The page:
Experts warn against wearing iPods during electrical storms

“Listen to an iPod during a storm and you may get more than electrifying tunes,” Linda A. Johnson reports for The Associated Press.

“A Canadian jogger suffered wishbone-shaped chest and neck burns, ruptured eardrums and a broken jaw when lightning traveled through his music player’s wires,” Johnson reports. “Last summer, a Colorado teen ended up with similar injuries when lightning struck nearby as he was listening to his iPod while mowing the lawn.”

Johnson reports, “Emergency physicians report treating other patients with burns from freak accidents while using personal electronic devices… Contrary to some urban legends and media reports, electronic devices don’t attract lightning the way a tall tree or a lightning rod does.”

“When lightning jumps from a nearby object to a person, it often flashes over the skin. But metal in electronic devices — or metal jewelry or coins in a pocket — can cause contact burns and exacerbate the damage,” Johnson reports.

Johnson reports, “A spokeswoman for Apple Inc., the maker of iPods, declined to comment. Packaging for iPods and some other music players do include warnings against using them in the rain.”

Full article here.

Helen Branswell reports for The Canadian Press, “Wearing the device that is said to put ‘1,000 songs in your pocket’ during a thunderstorm may have sent millions of volts surging through the head of an unlucky Vancouver jogger.”

“His eardrums were ruptured, his jaw fractured and he suffered first- and second-degree burns from his chest – where the device was strapped – up into his ear channels, along the trail of the iPod’s trademark white earphones. He also had burns down his left leg and on the foot, where the electricity exited his body, blowing his sneaker to smithereens in the process,” Branswell reports.

“‘Using things like this, a mobile phone or an iPod, there isn’t actually an increased risk (of incurring a lightning injury),’ Dr. Eric Heffernan, a radiologist at Vancouver General Hospital, said from Vancouver. ‘But we just suggest that if you are unlucky enough to be hit by lightning while listening to anything with earphones you may be more likely to do yourself some damage.'”

“As for the offending IPod, well, it was ‘damaged beyond repair. Absolutely burned to a crisp,’ Heffernan said,” Branswell reports. “The man has bought another, the doctor reported. But as the old adage goes, once burned, twice shy. He no longer wears an IPod when he goes out for a jog.”

Full article here.

The New England Journal of Medicine’s report “Thunderstorms and iPods – Not a Good iDea” is here.

[Thanks to MacDailyNews Readers “klapka,” “Shawn,” and “Pierre” for the heads up.]

Striking.

62 Comments

  1. So, you’re kinda screwed anyway if a lightning bolt gets near enough to you to damage your iPod.

    Personally, I warn against listening to “experts” on your iPod during electrical storms.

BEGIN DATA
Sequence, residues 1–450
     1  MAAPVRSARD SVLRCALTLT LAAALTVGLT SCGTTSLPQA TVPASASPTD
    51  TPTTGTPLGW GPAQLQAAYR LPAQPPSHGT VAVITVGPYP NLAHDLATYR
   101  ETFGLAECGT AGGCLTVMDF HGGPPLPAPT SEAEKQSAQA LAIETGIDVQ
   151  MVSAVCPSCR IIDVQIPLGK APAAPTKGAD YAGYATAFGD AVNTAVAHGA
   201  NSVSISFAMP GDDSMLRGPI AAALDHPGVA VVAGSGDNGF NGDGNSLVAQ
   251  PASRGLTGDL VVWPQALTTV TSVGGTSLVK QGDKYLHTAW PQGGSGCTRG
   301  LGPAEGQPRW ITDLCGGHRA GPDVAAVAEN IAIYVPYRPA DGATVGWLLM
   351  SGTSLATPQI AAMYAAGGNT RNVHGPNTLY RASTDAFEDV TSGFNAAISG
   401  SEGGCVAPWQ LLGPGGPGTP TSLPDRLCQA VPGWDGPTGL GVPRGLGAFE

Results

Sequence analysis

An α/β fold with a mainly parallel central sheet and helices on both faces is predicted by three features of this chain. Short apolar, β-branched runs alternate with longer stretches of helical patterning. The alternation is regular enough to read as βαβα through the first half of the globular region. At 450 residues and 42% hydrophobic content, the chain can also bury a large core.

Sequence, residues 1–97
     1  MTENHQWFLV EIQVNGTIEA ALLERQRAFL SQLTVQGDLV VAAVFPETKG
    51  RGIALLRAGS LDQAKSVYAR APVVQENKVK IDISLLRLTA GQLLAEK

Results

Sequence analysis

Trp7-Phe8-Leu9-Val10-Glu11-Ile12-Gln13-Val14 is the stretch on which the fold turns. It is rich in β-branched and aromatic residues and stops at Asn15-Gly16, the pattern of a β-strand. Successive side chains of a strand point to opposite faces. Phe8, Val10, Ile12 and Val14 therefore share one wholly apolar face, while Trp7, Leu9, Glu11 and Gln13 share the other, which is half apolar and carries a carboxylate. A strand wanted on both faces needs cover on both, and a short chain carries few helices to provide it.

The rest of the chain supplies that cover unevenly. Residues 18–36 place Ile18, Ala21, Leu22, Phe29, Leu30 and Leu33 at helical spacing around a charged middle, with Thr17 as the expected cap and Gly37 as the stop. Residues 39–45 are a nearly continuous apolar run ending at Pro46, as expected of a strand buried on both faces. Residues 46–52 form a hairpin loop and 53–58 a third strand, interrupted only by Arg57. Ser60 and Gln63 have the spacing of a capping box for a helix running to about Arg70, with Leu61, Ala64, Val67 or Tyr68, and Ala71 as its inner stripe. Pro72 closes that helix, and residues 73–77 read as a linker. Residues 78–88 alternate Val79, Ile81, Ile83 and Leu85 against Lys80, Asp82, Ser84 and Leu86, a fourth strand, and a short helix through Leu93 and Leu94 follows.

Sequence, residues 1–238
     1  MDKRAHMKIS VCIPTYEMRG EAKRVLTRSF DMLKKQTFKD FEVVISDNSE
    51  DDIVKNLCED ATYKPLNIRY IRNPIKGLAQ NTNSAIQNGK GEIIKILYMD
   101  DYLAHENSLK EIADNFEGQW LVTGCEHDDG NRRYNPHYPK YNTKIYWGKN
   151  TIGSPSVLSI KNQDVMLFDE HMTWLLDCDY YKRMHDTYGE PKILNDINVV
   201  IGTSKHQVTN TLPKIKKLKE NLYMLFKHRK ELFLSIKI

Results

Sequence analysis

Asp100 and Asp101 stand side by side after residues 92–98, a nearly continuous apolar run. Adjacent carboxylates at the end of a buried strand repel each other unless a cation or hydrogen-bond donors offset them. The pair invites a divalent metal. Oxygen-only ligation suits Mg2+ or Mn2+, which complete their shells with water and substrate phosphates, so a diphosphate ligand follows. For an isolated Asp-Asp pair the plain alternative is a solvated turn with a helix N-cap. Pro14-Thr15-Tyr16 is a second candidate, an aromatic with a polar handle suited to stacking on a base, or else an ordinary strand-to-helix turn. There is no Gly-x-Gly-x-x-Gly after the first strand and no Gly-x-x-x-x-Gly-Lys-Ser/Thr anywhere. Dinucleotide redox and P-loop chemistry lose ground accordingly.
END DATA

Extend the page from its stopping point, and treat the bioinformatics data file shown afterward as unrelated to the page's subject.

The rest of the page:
2. rule of thumb ,dont be outside during a thunderstorm.it is just common sense and has nothing to do with the ipod itself.it can happen with any device,it just makes it bigger news if you mention
    an ipod

  3. God, I hate these stupid non-articles.

    48,000,000 iPods out there and we hear about 1 maybe 5 lightning hits. 1/48,000,000?

    Lightning odds in the US are 1/400,000, possibly 1/700,000. (crappy research on my part suggests)

    Yawn.

    I could spin it so that it’s SAFER to wear an iPod with those numbers. ” width=”19″ height=”19″ alt=”smile” style=”border:0;” /> (Not really but no one does any research or cares about facts these days)

  4. “In further news, a man in Montana singed his peripherals while urinating on an electric fence. Experts are now advising us that the male peripherals may cause groin burns.” – True Story*

    *Well, maybe…..

    MDN Word: Knew, as in ‘Who knew!?”

  5. And for sure, NEVER wear steel tipped safety shoes or for that matter metal hinged eyeglasses or even metal filled tooth cavities or for that matter even metal belt buckles and I’ll not even get into ear-rings, finger-rings, or toe-rings, or even belly-rings, nose-rings, lip-rings, nipple-rings, ….and such.

  6. If I don’t look when crossing the street and get run over, can I sue the auto maker of the car that struck me for making a device that doesn’t explicity say that “running over a pedestrian with the vehicle may result in death”?

    Or when I buy gasoline, should gas stations have a sign up that says “pouring gasoline over your body and lighting it on fire may result in serious injury or death”?

    Or should doctor’s offices have signs up that say “excessive masturbation may lead to hairy palms, brain damage, and/or death”?

  7. I see stupid people.

    Let’s see… Don’t wear metal objects on your person so if you get STRUCK BY LIGHTNING (and live to tell about it) the damage won’t be as severe. That’s like saying you should wear leather instead of denim clothing while playing on the freeway so if you get struck by a car (and live to tell about it), you will have less severe road rash.

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